A proposal to enact new security law in Hong Kong was submitted to China's legislature, the National People's Congress, for rubber-stamp approval on Friday, state media said. The move is expected to fan fresh protests in the semi-autonomous financial hub.
The proposal, which has been condemned by the United States and Hong Kong pro-democracy figures as an assault on the city's freedoms, was tabled on the opening day of the week-long National People's Congress, Xinhua news agency said.
Parliament spokesman Zhang Yesui late on Thursday said the chamber would consider a proposal for security legislation in Hong Kong. Details have yet to be spelled out.
In a state-of-the-nation speech opening China's annual parliamentary session on Friday, Premier Li Keqiang said only that China would "establish and improve the legal systems and mechanisms to safeguard national security" in Hong Kong.
But Beijing has made clear it wants to see legislation enacted in Hong Kong to curb a growing pro-democracy movement in the former British colony, which reverted to Chinese control in 1997.
Hong Kong was rocked by seven months of massive and sometimes violent protests last year against Beijing's growing control.
US vows strong response to 'highly destabilising' move
The United States on Thursday urged China to respect Hong Kong's autonomy, warning that its proposed national security law for the city would be "highly destabilising" and face global opposition.
"Any effort to impose national security legislation that does not reflect the will of the people of Hong Kong would be highly destabilising, and would be met with strong condemnation from the United States and the international community," State Department spokeswoman Morgan Ortagus said.
She said that China's statements and the proposed legislation "undermine" China's promises it made before regaining control of the financial hub from Britain in 1997.
"We urge Beijing to honour its commitments and obligations in the Sino-British Joint Declaration – including that Hong Kong will 'enjoy a high degree of autonomy' and that people of Hong Kong will enjoy human rights and fundamental freedoms," Ortagus said.
Earlier on Thursday President Donald Trump also promised a response when told of the move on Hong Kong.
"I don't know what it is, because nobody knows yet. If it happens, we'll address that issue very strongly," Trump said.
China said the legislation would strengthen enforcement of laws in Hong Kong that prohibit "subversion."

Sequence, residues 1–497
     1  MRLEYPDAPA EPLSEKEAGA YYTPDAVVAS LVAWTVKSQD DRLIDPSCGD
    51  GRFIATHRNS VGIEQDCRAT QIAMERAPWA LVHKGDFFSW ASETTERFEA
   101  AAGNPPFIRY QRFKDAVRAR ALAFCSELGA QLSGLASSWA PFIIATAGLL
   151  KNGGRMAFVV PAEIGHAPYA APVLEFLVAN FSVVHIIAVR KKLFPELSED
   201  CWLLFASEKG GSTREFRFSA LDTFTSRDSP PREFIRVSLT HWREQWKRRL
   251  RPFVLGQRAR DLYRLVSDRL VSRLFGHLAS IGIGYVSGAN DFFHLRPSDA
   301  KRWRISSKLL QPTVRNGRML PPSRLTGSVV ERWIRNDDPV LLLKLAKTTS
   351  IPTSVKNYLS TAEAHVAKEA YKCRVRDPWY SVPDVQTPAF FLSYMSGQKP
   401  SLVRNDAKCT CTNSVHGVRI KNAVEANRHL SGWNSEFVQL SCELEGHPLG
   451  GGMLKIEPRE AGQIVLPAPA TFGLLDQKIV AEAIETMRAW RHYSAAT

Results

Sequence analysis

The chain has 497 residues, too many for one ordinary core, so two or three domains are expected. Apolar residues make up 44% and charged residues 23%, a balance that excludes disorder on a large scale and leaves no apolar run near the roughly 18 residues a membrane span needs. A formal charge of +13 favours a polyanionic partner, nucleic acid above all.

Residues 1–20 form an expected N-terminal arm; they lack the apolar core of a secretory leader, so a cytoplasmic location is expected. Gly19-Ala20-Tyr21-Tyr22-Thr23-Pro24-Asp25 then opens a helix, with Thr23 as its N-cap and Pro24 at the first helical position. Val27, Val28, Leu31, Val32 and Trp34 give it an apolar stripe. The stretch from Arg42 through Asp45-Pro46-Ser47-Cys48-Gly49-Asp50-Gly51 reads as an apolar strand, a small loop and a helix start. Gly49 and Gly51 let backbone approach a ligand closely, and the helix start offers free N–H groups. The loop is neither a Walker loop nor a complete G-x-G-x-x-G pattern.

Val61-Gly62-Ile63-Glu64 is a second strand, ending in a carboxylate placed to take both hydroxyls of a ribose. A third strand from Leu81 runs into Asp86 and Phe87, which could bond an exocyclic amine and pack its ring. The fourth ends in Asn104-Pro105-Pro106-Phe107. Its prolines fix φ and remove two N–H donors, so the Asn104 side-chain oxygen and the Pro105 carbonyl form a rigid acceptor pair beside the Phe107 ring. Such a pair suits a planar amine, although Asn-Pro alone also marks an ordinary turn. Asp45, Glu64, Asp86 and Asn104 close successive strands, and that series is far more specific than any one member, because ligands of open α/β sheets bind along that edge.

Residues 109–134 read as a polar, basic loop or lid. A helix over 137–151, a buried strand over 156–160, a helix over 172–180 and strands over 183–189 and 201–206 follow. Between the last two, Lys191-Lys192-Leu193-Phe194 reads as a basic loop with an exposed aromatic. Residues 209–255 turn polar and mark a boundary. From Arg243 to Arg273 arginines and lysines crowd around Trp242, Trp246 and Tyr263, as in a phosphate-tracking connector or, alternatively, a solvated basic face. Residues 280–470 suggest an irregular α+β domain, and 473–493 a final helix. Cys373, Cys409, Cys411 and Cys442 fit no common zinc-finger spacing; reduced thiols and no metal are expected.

But pro-democracy leaders and activists warned that the move would mark the end of Hong Kong as they know it, a fear voiced in months of massive and sometimes violent protests last year.
Preferential trading status at risk
The US Congress late last year angered China by passing a law that would strip Hong Kong's preferential trading status in the United States if the urban hub no longer enjoys autonomy from the mainland.
Secretary of State Mike Pompeo earlier this month delayed a report on certifying Hong Kong's autonomy under the law, saying the State Department would wait for the meeting of the legislature, the National People's Congress.
The State Department warned on Thursday that China's actions would affect its decision.
In a fresh bid by US Congress to exert pressure after China's announcement, senators on Thursday introduced legislation to impose sanctions on any entity involved in curbing Hong Kong's autonomy.
The targets could include police who crack down on demonstrators and Chinese officials involved in Hong Kong policy – as well as banks that conduct transactions with anyone who infringes on the territory's freedoms.
"In many ways, Hong Kong is the canary in the coal mine for Asia," said Senator Pat Toomey, a Republican who spearheaded the legislation alongside a Democrat, Chris Van Hollen.
"Beijing's growing interference could have a chilling effect on other nations struggling for freedom in China's shadow," Toomey said, likely alluding to the self-governed island of Taiwan and countries that have territorial rifts with Beijing.